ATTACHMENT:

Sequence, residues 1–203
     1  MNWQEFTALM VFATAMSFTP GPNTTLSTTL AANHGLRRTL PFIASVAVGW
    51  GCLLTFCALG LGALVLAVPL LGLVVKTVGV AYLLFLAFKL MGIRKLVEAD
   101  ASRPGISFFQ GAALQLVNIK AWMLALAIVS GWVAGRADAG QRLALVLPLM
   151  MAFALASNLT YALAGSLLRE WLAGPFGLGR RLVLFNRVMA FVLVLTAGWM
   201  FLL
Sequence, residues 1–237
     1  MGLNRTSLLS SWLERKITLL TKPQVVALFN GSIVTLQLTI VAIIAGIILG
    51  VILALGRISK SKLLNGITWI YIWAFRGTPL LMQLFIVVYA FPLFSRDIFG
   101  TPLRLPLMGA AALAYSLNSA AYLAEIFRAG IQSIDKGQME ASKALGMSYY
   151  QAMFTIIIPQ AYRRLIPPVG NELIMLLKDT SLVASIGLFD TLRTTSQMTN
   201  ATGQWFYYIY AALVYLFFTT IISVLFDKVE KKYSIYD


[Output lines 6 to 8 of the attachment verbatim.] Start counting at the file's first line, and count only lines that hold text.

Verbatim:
   201  FLL
Sequence, residues 1–237
     1  MGLNRTSLLS SWLERKITLL TKPQVVALFN GSIVTLQLTI VAIIAGIILG